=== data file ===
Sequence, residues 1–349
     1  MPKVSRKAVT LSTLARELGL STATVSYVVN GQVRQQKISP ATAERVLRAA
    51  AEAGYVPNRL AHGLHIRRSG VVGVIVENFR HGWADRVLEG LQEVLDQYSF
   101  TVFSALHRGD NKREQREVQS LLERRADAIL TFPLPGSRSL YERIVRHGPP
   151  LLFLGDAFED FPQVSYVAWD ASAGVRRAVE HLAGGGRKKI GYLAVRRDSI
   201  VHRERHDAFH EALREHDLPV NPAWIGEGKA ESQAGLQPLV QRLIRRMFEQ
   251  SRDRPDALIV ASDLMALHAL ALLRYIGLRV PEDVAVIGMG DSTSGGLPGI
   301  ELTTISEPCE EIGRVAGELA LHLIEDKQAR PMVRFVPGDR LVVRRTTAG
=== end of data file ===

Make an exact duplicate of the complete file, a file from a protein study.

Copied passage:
Sequence, residues 1–349
     1  MPKVSRKAVT LSTLARELGL STATVSYVVN GQVRQQKISP ATAERVLRAA
    51  AEAGYVPNRL AHGLHIRRSG VVGVIVENFR HGWADRVLEG LQEVLDQYSF
   101  TVFSALHRGD NKREQREVQS LLERRADAIL TFPLPGSRSL YERIVRHGPP
   151  LLFLGDAFED FPQVSYVAWD ASAGVRRAVE HLAGGGRKKI GYLAVRRDSI
   201  VHRERHDAFH EALREHDLPV NPAWIGEGKA ESQAGLQPLV QRLIRRMFEQ
   251  SRDRPDALIV ASDLMALHAL ALLRYIGLRV PEDVAVIGMG DSTSGGLPGI
   301  ELTTISEPCE EIGRVAGELA LHLIEDKQAR PMVRFVPGDR LVVRRTTAG